With the top-ranked rugby side chasing revenge against the world champions the stage is set for the “ultimate Test” when the All Blacks and Springboks open the Tri-Nations series.
The All Blacks are still fuming after losing all three Tests against their arch rivals last year when they relinquished the Tri-Nations crown they had held for the four previous years.
The Test also carries intriguing Eden Park subplots with the All Blacks unbeaten in their past 20 Tests at the stadium, where South Africa have not won since 1937 and which will be the venue for next year’s World Cup final.
“The All Blacks Test has always been the ultimate Test,” Springboks captain John Smit said as he contemplated all that was at stake.
“It’s that Test match you look forward to and the butterflies are flapping around.”
The All Blacks can ill afford a fourth consecutive loss to South Africa as they pit the run-at-all-costs style of play they have pinned their faith in against the muscle power and kicking combination that has served the Springboks well.
Although the All Blacks have tried to sidestep talk of “revenge”, captain Richie McCaw admitted at their final training run on Friday of a need to set the record straight.
“I’d be lying if I didn’t say there’s a little bit in there,” McCaw conceded.
“For those of us who were there last year it was a bit frustrating that we didn’t perform the way we would like, so we want to do that this week.”
He said the All Blacks were happy with the way they played on their end of year tour last year and in their first three Tests this year but against the Springboks “with the top two teams in the world playing we will see where we are at.”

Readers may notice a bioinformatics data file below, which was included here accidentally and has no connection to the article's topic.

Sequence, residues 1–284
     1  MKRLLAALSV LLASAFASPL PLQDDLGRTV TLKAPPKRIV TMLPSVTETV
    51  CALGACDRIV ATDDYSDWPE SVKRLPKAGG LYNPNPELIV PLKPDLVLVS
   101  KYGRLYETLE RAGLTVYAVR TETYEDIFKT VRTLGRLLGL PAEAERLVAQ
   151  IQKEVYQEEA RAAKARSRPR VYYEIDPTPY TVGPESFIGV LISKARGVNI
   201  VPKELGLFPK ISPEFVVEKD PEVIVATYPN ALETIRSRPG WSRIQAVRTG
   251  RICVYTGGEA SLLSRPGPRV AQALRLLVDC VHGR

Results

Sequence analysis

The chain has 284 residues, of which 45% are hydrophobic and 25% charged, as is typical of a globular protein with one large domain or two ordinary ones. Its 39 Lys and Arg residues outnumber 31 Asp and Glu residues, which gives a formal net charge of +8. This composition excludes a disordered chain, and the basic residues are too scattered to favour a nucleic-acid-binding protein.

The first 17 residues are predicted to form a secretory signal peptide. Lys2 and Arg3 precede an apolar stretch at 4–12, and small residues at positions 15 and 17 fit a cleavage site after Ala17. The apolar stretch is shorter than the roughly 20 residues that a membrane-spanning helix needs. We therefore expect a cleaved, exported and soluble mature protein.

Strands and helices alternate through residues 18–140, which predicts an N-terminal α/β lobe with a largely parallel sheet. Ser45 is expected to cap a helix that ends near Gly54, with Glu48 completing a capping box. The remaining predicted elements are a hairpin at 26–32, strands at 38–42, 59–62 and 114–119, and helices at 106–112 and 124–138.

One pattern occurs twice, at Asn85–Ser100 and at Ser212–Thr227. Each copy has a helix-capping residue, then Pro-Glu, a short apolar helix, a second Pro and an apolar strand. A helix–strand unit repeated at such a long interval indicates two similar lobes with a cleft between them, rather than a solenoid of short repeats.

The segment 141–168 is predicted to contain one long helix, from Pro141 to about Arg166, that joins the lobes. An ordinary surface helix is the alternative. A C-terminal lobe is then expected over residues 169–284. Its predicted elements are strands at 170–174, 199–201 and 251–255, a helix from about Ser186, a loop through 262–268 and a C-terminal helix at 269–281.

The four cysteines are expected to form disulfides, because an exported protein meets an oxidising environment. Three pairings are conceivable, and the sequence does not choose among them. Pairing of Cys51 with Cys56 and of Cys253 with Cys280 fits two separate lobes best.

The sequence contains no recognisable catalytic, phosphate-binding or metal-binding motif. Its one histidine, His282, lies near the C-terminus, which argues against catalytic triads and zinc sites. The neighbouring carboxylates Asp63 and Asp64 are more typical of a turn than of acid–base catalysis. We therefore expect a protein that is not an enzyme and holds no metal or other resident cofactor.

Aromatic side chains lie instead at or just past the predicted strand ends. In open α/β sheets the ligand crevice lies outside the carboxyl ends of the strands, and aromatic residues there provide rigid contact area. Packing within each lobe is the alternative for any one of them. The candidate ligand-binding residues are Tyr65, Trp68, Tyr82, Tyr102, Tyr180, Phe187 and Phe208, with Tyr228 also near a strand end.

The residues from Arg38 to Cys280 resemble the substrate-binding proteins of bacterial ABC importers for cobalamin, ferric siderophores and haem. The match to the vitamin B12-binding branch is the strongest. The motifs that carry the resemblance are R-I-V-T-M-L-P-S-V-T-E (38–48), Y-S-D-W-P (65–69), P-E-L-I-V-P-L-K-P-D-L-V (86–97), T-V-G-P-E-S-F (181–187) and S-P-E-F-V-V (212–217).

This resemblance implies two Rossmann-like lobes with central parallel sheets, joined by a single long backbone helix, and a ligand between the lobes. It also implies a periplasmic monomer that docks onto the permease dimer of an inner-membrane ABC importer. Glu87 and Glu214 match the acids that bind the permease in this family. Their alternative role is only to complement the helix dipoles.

There are four changes to the All Blacks’ side which started their most recent Test against Wales with Ma’a Nonu and Conrad Smith returning from injury along with the recalled Joe Rokocoko and Owen Franks.
Smit played down concerns about the Eden Park hoodoo, pointing to how his world champion side had notched up their first ever wins against the All Blacks in Dunedin and Hamilton in the past two years.
He said frequent trips to New Zealand by South African sides in the Super 14 competition had helped them break through historical barriers.
“Any kind of away win helps. It creates a belief inside you that you can perhaps do it again.”
Looming in the background is the psychological advantage to the winner with the World Cup just over a year away.
Smit said the South Africans realised it would be harder to defend the Cup than it was to win it and to beat the All Blacks now at Eden Park would be a step in the right direction.
“Any win is important and it’s going to be a long journey before we are able to pack our bags and get here (for the World Cup) before the squad is chosen and before the task is delivered,” Smit said.
“So there’s a lot of work to be done and if you say to me ‘does one win in Auckland in 2010 make that possible?’, no, it doesn’t make it possible but it does help the journey.”
New Zealand: Mils Muliaina, Cory Jane, Conrad Smith, Ma’a Nonu, Joe Rokocoko, Dan Carter, Jimmy Cowan; Kieran Read, Richie McCaw (captain), Jerome Kaino, Tom Donnelly, Brad Thorn, Owen Franks, Keven Mealamu, Tony Woodcock.
Reserves: Corey Flynn, Ben Franks, Sam Whitelock, Liam Messam, Piri Weepu, Aaron Cruden, Richard Kahui.
South Africa: Zane Kirchner, Jean de Villiers, Jaque Fourie, Wynand Olivier, Bryan Habana, Morne Steyn, Ricky Januarie; Pierre Spies, Francois Louw, Schalk Burger, Victor Matfield, Bakkies Botha, Jannie du Plessis, John Smit (captain), Gurthro Steenkamp.
Reserves: Chiliboy Ralepelle, BJ Botha, Andries Bekker, Danie Rossouw, Ruan Pienaar, Butch James, Gio Aplon.